Kinigi was indeed really close to the rangers headquarters. Since gorillas “chasing” was off the table (who can seriously afford $ 1500 for a permit alone?), we had looked into other activities offered in the area. We decided to stay only a night so we picked two activités. One for that afternoon and one for the morning after. Our ranger told us to meet him downtown. We didn’t quite understand where we were to meet him but when he offered to give us a ride, we politely declined. In need of movement, we decided to walk back (you surely do remember that I’m traveling with M, a walking distance kind of person) hoping to figure out on time where the meeting was. Well there is no adventure without adventure. After walking almost two kilometers, a Jeep drove by and stopped. We recognized our ranger who apologized for not having free seats in the car but offered us a ride in the back. Who could say no to a ride in the back. Enthusiastically (and luckily) we accepted and we realized that the meeting was happening in Muzanse not downtown Kinigi.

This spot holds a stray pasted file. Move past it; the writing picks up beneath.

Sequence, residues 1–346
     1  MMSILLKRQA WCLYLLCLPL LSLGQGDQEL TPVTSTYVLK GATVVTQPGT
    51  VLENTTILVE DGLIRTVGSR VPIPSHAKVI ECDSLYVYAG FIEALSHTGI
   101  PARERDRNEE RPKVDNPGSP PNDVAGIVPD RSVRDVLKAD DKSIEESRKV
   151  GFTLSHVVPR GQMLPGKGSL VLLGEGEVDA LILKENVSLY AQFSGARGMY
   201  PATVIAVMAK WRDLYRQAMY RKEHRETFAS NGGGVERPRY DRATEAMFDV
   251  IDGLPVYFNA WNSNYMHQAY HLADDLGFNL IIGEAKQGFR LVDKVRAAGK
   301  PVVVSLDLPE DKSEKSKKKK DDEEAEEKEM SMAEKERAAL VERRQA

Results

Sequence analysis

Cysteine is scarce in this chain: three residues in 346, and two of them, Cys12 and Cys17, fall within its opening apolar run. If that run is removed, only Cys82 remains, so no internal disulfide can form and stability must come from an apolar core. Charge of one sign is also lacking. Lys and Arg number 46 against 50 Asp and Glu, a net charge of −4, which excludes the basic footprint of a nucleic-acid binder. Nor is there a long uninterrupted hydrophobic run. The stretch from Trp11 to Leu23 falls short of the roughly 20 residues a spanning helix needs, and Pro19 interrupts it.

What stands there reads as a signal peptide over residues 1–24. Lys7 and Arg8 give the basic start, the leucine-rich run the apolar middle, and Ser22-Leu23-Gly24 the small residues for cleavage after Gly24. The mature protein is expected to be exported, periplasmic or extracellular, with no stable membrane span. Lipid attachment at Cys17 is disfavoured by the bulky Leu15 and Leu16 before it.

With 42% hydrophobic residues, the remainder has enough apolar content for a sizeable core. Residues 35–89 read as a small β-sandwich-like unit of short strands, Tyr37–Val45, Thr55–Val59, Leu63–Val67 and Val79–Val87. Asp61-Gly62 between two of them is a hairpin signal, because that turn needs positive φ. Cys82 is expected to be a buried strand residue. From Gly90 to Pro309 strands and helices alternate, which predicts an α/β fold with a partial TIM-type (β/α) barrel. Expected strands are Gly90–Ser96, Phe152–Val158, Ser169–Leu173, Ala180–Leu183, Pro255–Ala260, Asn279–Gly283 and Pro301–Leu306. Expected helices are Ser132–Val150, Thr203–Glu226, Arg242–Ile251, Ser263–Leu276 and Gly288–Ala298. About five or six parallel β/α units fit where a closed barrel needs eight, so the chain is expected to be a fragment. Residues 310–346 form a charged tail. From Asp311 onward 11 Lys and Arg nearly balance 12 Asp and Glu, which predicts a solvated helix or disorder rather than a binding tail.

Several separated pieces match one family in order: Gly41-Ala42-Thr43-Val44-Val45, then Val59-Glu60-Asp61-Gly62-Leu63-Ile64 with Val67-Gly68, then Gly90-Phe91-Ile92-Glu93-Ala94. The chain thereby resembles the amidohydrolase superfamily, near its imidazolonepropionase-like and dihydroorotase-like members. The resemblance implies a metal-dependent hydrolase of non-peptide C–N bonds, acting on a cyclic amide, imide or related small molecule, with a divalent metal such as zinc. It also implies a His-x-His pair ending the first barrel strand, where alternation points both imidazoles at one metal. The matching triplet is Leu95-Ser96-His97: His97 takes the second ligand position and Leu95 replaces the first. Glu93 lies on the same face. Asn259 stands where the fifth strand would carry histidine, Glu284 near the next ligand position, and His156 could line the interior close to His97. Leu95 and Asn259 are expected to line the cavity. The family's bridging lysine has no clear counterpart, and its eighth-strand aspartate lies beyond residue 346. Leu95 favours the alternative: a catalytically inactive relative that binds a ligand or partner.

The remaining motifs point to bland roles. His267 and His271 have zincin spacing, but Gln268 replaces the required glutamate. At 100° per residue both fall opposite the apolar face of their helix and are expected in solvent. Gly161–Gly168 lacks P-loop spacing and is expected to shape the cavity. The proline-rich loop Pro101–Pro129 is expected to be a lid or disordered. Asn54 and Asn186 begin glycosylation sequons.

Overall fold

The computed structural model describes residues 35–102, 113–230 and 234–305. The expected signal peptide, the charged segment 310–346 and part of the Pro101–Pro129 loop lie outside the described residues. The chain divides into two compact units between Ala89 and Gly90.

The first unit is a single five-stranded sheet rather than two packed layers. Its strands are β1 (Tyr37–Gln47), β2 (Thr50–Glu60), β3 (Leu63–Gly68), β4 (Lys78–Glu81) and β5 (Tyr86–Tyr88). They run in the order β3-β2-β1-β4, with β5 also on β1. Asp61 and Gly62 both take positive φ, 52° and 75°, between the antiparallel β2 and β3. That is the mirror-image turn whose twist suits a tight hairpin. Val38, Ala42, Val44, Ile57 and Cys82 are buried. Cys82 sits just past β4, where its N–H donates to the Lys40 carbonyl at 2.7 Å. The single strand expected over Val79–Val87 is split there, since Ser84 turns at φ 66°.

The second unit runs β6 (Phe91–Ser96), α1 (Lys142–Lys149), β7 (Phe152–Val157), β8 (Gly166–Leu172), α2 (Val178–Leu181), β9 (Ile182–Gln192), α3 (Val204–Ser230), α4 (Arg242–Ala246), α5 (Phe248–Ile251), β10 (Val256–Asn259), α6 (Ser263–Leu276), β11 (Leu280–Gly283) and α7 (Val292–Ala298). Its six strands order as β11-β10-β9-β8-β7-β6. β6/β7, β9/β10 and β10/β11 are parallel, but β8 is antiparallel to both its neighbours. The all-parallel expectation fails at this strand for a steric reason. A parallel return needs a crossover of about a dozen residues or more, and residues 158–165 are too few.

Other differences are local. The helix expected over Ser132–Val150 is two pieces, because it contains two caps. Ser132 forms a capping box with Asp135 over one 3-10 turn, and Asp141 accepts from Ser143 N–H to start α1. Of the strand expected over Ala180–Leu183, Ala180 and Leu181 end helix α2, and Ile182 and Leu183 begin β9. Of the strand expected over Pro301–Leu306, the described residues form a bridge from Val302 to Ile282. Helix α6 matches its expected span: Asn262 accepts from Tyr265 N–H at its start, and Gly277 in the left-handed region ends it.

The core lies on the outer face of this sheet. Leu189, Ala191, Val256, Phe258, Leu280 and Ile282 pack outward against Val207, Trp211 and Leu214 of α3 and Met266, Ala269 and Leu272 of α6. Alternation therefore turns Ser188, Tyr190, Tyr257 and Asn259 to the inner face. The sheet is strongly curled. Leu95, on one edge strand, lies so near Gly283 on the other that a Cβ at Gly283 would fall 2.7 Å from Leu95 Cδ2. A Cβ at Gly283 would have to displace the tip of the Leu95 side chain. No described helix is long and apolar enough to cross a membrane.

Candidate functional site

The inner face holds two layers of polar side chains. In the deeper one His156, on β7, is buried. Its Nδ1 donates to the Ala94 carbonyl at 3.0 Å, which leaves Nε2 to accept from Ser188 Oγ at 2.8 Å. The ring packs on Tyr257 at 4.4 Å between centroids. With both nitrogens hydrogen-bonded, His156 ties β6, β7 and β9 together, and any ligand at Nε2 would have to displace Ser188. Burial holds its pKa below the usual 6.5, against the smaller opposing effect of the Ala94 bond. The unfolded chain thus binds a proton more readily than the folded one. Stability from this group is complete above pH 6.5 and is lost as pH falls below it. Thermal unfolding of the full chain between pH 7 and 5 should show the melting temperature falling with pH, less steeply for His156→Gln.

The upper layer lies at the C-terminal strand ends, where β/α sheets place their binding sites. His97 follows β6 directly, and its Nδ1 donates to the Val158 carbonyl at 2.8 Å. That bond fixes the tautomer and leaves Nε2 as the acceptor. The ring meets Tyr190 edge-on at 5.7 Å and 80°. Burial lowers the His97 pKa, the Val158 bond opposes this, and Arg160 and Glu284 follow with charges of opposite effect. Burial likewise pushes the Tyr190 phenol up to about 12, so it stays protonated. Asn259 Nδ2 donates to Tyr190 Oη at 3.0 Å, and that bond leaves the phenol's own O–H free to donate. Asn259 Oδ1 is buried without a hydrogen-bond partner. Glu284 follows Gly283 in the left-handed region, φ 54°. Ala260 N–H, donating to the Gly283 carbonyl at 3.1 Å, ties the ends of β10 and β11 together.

On time and happy, we were ready to explore Muzanse’s underground… literally… we had signed up for a few hours of caving and our ranger was waiting for us with the necessary equipment. Apparently bat’s shit is (sorry, I cannot resist) bad shit. We suit up with mask, helmet and head lamp. Our 3-km walk was claustrophobic and borderline distressing. Our ranger asked to turn off our light. Yeah sure, why not. Let me think, erm no thanks. He insisted and we reluctantly obliged: this was an interesting experience. If our lights all failed, we were absolutely f#%^* as we had no way to find our way out with or without our ranger. Luckily after a while, that definitely seemed like an eternity, we were allowed to turn our lights on and after a few meters in the darkness, we were seeing again light. Light and life had found their way in through the ceiling and it was a relief. We still had a long way to go before reaching the final exit. We survived and even tho it wasn’t as scary as our caving experience in Honduras, we certainly had our adrenalin rush.